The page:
The Bynum Mounds are located in Chickasaw County, Mississippi, and comprise a key site of the Miller complex. A cursory examination shows that the mounds at both Bynum and Pharr manifest strong Hopewellian influences. This will be dealt with in a later section, but the similarity needs to be brought out now, for it plainly indicates that the two sites were generally contemporaneous. Since Pharr has been assigned to Miller I and the Bynum Mounds to Miller II (Cotter and Corbett, 1951, pp. 30-32). a review of the latter site is also in order.
Briefly, the situation at Bynum is as follows. Pure Baldwin-Saltillo horizons were sealed beneath the mounds. These types also dominated percentages in the fill of the four mounds excavated. A few sherds of Furrs Cordmarked, Tishomingo Plain, and Tishomingo Cordmarked were found in two of the mounds--all but a handful coming from within a foot of the surface. The other two mounds contained only Baldwin and Saltillo. In the village area, some features produced virtually pure Saltillo-Baldwin assemblages and others yielded these types mixed with later types. The mounds, and thus the period of Hopewellian influence, were assigned a Miller II time level on the basis of the Furrs Cordmarked and Tishomingo sherds. The large amount of Saltillo Fabric Impressed in the mounds was interpreted as a fortuitous association with fill obtained from a Miller I village area (Cotter and Corbett, 1951, pp. 22-35).
There is evidence at Bynum itself to suggest a Miller I level for the site. Surely the two mounds which yielded only Saltillo and Baldwin would fit here. Furthermore, the pure Saltillo-Baldwin horizons beneath all four of the Bynum mounds strongly suggest that in each case these strata were sealed by construction before appreciable quantities of the later types became available. Had Furrs Cordmarked or the Tishomingo types been extant in any significant quantities at the time the mounds were built, some would surely have shown up in the old soil horizon. True, the mounds could have been erected on an abandoned (Miller I) portion of the village, with the Miller II settlement being located elsewhere at the time the mounds were built. This still does not explain why there were no later sherds on the old ground surface, only a handful in the fill, and with the largest portion coming from within a foot of the surface. Mound building would have drawn people, with their pots, to the construction site. The pots were just as likely to get broken and the pieces included with the fill during the time of construction as afterward.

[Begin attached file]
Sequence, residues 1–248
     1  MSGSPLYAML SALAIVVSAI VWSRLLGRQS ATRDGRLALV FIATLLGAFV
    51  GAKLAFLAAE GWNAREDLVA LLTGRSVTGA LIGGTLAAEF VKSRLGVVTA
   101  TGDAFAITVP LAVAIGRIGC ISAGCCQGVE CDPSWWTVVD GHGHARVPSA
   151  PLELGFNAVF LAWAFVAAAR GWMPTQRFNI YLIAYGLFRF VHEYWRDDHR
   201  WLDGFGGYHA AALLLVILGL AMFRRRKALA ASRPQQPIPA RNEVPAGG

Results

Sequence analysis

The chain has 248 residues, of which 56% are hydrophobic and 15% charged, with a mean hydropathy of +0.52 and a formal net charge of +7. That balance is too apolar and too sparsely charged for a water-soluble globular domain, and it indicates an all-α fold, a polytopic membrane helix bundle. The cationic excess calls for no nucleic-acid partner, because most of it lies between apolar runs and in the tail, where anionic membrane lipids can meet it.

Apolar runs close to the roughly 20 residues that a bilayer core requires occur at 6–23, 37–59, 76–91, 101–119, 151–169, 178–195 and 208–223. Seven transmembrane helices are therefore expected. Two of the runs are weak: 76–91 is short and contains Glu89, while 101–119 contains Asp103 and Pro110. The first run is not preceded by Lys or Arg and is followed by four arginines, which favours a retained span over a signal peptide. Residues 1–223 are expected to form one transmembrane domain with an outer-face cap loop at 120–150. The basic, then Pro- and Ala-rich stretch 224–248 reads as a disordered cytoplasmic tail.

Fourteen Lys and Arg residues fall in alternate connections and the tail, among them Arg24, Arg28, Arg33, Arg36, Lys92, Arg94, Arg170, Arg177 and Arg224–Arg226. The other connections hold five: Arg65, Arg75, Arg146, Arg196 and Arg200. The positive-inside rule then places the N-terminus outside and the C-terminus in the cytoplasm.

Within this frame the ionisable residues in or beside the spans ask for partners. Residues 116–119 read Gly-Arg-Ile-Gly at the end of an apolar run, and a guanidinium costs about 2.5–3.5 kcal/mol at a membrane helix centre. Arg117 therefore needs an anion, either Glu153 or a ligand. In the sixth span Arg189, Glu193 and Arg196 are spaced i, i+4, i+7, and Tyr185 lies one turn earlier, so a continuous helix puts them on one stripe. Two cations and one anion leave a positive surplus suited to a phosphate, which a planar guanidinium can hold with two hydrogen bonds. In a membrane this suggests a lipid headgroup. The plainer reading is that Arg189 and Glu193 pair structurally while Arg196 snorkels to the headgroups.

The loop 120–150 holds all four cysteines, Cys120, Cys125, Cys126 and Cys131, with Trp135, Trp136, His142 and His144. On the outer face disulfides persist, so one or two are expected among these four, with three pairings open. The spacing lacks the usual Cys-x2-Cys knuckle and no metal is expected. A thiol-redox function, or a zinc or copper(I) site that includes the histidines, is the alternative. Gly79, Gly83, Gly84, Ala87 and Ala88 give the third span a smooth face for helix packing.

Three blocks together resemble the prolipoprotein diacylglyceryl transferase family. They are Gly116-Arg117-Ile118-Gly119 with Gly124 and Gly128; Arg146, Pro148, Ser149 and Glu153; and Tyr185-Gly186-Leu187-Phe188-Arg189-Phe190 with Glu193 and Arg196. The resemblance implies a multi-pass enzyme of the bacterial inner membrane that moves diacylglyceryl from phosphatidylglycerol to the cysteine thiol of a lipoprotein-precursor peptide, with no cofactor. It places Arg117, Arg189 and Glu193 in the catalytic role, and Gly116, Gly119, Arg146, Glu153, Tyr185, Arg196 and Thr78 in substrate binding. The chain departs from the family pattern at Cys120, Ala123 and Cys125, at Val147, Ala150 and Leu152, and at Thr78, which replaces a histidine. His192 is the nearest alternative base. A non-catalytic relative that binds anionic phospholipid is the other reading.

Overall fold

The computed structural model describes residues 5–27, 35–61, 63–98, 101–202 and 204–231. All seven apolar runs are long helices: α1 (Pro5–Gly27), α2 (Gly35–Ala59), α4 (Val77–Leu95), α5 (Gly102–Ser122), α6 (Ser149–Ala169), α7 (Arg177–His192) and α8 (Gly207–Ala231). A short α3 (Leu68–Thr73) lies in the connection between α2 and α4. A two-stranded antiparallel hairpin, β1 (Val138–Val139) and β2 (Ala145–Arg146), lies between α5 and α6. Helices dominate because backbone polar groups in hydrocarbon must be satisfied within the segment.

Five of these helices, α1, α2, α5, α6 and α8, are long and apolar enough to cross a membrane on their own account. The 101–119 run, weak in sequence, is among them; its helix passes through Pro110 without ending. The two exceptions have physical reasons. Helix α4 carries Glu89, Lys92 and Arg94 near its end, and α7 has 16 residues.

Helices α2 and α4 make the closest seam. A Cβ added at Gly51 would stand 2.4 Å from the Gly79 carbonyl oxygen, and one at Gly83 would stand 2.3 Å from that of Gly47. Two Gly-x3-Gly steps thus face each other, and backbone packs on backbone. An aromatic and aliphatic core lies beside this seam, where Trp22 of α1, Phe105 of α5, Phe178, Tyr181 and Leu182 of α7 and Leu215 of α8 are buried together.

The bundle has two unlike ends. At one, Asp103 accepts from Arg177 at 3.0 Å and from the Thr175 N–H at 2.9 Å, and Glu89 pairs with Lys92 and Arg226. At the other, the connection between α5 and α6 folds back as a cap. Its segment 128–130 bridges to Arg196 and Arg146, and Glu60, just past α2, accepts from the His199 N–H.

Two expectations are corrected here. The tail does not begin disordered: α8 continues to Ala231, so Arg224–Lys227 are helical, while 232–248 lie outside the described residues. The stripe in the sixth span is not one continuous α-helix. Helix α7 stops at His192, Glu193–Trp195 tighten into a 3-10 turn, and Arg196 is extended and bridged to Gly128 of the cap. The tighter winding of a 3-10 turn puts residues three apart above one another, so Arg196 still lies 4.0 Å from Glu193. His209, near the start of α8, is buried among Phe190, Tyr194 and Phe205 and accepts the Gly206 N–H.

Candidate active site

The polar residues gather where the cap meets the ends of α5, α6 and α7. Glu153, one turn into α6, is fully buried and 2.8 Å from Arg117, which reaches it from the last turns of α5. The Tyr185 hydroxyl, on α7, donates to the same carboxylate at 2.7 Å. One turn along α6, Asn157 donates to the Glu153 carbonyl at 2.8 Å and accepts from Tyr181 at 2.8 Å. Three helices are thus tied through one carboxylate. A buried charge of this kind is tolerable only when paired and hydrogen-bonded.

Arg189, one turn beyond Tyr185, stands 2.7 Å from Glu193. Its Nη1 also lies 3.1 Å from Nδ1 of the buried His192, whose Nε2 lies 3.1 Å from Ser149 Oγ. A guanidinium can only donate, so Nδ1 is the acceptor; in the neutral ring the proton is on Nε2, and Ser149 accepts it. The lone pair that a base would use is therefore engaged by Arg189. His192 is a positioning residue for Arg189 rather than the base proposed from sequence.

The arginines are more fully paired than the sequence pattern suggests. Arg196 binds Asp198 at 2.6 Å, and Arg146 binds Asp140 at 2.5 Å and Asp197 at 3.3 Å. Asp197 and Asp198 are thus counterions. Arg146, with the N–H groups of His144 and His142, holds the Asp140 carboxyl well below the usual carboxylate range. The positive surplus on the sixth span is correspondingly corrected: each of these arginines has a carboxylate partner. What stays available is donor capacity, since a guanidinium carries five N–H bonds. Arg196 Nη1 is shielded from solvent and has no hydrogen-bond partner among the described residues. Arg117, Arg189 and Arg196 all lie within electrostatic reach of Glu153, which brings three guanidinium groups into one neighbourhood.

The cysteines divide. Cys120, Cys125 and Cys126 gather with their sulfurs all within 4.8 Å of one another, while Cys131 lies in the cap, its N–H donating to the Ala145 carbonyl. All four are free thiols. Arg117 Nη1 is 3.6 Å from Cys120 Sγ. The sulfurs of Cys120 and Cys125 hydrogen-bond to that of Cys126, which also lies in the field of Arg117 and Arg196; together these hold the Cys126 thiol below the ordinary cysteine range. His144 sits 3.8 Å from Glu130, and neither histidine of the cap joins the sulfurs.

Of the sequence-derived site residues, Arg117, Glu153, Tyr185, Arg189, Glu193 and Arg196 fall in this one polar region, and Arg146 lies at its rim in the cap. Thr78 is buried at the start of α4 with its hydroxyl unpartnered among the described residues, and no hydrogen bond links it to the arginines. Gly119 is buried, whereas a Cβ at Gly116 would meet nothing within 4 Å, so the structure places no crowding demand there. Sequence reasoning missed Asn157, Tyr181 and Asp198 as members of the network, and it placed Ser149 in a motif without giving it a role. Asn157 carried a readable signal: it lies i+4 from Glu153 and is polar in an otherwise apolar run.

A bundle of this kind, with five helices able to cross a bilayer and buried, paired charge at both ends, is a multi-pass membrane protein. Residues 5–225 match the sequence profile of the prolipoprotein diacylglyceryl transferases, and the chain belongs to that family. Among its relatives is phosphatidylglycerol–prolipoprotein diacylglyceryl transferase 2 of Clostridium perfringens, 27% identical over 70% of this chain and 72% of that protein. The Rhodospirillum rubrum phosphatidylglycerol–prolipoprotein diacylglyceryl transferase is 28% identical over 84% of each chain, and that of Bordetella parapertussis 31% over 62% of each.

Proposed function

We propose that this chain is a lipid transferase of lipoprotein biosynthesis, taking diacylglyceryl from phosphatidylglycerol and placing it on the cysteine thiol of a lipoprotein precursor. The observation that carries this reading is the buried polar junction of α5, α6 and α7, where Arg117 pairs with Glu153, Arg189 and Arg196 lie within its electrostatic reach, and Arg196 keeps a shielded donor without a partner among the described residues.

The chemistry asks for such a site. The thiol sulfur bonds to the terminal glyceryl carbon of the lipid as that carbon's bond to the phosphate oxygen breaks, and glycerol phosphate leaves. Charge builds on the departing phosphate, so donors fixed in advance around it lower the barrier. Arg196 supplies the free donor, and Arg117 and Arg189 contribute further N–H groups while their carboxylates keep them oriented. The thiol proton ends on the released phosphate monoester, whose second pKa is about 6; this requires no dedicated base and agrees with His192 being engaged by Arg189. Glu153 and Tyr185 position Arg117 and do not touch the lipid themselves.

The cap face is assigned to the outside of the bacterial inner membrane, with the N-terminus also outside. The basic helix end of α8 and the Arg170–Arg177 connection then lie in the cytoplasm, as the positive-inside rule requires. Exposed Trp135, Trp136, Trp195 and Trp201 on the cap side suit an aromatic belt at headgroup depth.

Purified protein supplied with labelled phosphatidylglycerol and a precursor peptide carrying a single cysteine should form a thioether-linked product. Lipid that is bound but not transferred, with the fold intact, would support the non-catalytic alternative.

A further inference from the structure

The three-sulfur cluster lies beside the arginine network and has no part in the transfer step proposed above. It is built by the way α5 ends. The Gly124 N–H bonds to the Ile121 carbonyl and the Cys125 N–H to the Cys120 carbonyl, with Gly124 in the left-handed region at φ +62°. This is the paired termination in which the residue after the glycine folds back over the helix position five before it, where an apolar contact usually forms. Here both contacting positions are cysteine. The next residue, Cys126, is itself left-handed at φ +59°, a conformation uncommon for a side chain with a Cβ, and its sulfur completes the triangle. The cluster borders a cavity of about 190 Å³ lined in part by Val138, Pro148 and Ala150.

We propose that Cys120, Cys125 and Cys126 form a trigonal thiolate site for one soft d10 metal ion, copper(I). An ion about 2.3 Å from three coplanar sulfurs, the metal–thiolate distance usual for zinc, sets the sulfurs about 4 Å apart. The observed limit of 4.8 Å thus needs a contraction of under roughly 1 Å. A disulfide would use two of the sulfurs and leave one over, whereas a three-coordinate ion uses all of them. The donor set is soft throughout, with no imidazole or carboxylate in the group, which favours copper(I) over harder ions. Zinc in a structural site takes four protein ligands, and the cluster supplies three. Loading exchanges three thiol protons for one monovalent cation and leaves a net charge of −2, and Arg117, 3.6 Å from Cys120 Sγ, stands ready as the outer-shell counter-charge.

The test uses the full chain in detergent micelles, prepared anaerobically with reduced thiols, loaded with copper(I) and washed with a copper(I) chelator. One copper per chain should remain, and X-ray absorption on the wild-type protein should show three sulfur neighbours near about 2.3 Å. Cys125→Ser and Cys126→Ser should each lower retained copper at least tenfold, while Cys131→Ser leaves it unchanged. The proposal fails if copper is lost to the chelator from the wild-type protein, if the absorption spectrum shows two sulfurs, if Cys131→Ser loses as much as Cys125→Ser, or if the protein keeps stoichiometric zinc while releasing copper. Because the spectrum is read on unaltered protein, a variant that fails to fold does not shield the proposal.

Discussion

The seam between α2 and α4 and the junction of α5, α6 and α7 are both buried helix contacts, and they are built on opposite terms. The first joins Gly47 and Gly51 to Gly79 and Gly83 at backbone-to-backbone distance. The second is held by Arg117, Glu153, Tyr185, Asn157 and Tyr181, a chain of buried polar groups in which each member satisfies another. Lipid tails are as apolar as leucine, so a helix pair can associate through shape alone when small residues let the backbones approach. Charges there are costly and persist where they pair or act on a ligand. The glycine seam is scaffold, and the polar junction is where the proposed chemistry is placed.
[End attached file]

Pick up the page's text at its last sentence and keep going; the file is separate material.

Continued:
The importance of the few Furrs Cordmarked sherds as a time indicator of the mounds seems to have been exaggerated. This type is not, as has been suggested by the evidence at Pharr and in the seriation of surface collections, strictly diagnostic of Miller II.
The absence of fiber tempered pottery in the mounds, which the authors list as being diagnostic of Miller I (Cotter and Corbett, 1951, p. 33), might also have misled them. Fiber tempered pottery has been found on the surface of several northeast Mississippi sites with Saltillo Fabric Impressed but, so far as I am aware, a true association between the two has not been demonstrated. No one knows when Miller I began, and it is possible that fiber tempered pottery continued into the early part of the period. The data at Pharr show, however, that the Miller I assemblage persists into Hopewellian times, presumably long after fiber tempering had disappeared. The Miller I assemblage, in other words, need not be as early as Cotter and Corbett thought it to be.